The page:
source: rtems-graphics-toolkit/jpeg-8d/coderules.txt @ 86b99f7

Last change on this file since 86b99f7 was 86b99f7, checked in by Alexandru-Sever Horin <alex.sever.h@…>, on Aug 1, 2012 at 10:40:32 PM

Added jpeg-8d version. Made modifications to compile for RTEMS, without man or binaries

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1IJG JPEG LIBRARY:  CODING RULES
2
3Copyright (C) 1991-1996, Thomas G. Lane.
4This file is part of the Independent JPEG Group's software.
5For conditions of distribution and use, see the accompanying README file.
6
7
8Since numerous people will be contributing code and bug fixes, it's important
9to establish a common coding style.  The goal of using similar coding styles
10is much more important than the details of just what that style is.
11
12In general we follow the recommendations of "Recommended C Style and Coding
13Standards" revision 6.1 (Cannon et al. as modified by Spencer, Keppel and
14Brader).  This document is available in the IJG FTP archive (see
15jpeg/doc/cstyle.ms.tbl.Z, or cstyle.txt.Z for those without nroff/tbl).
16
17Block comments should be laid out thusly:
18
19/*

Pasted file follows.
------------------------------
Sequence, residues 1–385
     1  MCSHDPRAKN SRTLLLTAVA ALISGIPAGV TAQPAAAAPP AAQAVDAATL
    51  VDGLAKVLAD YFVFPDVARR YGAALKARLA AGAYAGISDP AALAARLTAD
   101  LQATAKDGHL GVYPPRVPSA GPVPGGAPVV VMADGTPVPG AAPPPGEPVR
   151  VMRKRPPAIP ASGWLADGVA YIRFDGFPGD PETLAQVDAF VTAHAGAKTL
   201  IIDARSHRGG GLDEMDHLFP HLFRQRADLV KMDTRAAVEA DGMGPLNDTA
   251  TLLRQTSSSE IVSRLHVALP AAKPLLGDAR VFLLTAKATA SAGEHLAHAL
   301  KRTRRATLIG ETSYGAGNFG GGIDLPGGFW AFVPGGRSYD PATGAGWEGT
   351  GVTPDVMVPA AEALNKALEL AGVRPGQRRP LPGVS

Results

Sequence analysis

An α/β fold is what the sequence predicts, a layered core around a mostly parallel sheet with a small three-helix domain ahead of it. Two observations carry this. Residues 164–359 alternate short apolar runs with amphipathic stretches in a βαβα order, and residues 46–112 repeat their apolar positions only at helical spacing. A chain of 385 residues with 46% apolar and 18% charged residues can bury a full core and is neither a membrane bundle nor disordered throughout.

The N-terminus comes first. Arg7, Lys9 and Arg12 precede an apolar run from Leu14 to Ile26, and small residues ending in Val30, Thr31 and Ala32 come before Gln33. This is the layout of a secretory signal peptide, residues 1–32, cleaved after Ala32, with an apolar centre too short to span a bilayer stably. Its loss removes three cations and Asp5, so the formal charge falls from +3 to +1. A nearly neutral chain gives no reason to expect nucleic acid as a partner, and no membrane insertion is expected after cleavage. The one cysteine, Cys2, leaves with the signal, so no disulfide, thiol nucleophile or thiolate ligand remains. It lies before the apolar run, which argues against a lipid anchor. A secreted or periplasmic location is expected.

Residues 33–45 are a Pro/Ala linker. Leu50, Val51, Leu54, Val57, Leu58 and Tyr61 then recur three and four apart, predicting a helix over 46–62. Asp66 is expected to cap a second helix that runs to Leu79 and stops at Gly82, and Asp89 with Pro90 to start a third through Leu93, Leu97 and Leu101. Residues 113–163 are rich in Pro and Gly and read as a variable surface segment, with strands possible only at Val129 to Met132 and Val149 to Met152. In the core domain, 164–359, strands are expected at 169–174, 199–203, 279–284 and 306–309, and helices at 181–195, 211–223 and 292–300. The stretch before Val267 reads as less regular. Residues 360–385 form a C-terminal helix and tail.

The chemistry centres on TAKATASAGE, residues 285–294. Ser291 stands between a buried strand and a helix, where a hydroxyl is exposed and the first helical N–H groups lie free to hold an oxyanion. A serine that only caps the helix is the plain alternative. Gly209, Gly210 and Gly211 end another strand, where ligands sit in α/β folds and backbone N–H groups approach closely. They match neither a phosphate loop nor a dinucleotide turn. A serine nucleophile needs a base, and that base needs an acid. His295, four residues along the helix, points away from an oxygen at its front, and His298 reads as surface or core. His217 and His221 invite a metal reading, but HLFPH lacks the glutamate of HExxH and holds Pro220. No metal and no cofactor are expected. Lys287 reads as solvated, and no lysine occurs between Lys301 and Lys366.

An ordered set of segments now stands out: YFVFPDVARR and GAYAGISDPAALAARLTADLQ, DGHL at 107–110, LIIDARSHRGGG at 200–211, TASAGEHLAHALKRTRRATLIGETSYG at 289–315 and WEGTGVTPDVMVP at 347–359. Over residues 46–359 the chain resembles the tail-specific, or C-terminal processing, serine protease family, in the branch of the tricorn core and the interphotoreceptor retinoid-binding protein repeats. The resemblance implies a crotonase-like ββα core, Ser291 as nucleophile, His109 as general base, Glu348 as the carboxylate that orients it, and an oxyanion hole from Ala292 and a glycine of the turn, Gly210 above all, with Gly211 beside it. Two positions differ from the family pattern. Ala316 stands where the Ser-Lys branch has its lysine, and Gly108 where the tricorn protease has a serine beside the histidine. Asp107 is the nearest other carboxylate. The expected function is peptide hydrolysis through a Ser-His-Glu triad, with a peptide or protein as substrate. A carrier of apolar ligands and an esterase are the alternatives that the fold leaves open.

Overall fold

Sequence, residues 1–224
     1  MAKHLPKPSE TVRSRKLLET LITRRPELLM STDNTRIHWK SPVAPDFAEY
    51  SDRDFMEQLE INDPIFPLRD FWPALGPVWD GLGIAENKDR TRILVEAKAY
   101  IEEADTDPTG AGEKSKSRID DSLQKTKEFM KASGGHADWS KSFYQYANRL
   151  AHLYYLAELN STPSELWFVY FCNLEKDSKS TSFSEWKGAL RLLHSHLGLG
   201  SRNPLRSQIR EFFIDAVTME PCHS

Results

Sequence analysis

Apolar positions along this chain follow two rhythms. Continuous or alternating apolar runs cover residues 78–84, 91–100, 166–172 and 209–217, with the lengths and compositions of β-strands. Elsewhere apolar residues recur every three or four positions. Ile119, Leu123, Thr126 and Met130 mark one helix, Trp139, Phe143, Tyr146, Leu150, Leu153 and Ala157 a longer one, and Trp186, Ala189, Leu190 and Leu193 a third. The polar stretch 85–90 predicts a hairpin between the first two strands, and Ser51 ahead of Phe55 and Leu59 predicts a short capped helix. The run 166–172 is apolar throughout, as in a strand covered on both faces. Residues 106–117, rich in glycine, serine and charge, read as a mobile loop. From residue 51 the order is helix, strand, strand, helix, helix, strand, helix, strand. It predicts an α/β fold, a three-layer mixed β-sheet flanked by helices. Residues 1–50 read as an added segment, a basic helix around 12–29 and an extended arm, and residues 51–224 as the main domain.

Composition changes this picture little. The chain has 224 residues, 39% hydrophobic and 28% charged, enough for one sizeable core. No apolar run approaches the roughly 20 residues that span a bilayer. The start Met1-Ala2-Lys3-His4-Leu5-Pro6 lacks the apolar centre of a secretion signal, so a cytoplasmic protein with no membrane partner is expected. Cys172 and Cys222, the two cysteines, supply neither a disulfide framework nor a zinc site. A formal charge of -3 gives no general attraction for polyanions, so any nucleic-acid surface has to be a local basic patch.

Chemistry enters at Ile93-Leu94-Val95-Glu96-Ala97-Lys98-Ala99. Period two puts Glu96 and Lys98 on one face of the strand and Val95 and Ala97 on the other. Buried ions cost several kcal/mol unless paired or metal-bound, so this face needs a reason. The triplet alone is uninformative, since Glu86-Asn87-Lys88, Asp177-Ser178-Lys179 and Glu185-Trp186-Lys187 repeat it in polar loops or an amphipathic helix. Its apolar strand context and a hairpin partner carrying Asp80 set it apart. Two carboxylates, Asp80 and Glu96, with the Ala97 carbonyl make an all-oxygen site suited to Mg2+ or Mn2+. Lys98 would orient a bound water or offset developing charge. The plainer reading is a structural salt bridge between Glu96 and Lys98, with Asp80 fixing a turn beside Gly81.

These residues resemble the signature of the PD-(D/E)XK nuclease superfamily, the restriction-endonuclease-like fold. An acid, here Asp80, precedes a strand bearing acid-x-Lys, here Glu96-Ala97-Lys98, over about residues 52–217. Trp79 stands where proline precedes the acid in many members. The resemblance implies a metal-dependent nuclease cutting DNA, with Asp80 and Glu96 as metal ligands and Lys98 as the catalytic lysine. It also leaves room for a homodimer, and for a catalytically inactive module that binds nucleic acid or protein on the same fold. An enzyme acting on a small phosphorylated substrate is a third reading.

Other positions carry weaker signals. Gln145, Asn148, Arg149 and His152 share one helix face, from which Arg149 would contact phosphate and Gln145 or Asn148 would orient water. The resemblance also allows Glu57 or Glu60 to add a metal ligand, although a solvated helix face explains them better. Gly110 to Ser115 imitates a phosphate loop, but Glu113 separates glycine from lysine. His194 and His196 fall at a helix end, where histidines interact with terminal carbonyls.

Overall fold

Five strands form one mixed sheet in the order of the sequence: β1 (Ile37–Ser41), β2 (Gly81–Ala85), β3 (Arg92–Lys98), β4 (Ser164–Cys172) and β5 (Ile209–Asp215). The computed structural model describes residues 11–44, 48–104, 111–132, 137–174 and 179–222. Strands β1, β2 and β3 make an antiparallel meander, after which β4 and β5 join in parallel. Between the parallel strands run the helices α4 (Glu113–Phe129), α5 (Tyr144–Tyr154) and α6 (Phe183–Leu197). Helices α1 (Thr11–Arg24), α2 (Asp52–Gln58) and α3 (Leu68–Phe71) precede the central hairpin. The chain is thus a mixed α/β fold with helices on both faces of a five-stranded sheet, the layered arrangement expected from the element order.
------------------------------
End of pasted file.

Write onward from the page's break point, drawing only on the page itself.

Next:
20 *  Block comments in this style.
21 */
22
23We indent statements in K&R style, e.g.,
24        if (test) {
25          then-part;
26        } else {
27          else-part;
28        }
29with two spaces per indentation level.  (This indentation convention is
30handled automatically by GNU Emacs and many other text editors.)
31
32Multi-word names should be written in lower case with underscores, e.g.,
33multi_word_name (not multiWordName).  Preprocessor symbols and enum constants
34are similar but upper case (MULTI_WORD_NAME).  Names should be unique within
35the first fifteen characters.  (On some older systems, global names must be
36unique within six characters.  We accommodate this without cluttering the
37source code by using macros to substitute shorter names.)
38
39We use function prototypes everywhere; we rely on automatic source code
40transformation to feed prototype-less C compilers.  Transformation is done
41by the simple and portable tool 'ansi2knr.c' (courtesy of Ghostscript).
42ansi2knr is not very bright, so it imposes a format requirement on function
43declarations: the function name MUST BEGIN IN COLUMN 1.  Thus all functions
44should be written in the following style:
45
46LOCAL(int *)
47function_name (int a, char *b)
48{
49    code...
50}
51
52Note that each function definition must begin with GLOBAL(type), LOCAL(type),
53or METHODDEF(type).  These macros expand to "static type" or just "type" as
54appropriate.  They provide a readable indication of the routine's usage and
55can readily be changed for special needs.  (For instance, special linkage
56keywords can be inserted for use in Windows DLLs.)
57
58ansi2knr does not transform method declarations (function pointers in
59structs).  We handle these with a macro JMETHOD, defined as
60        #ifdef HAVE_PROTOTYPES
61        #define JMETHOD(type,methodname,arglist)  type (*methodname) arglist
62        #else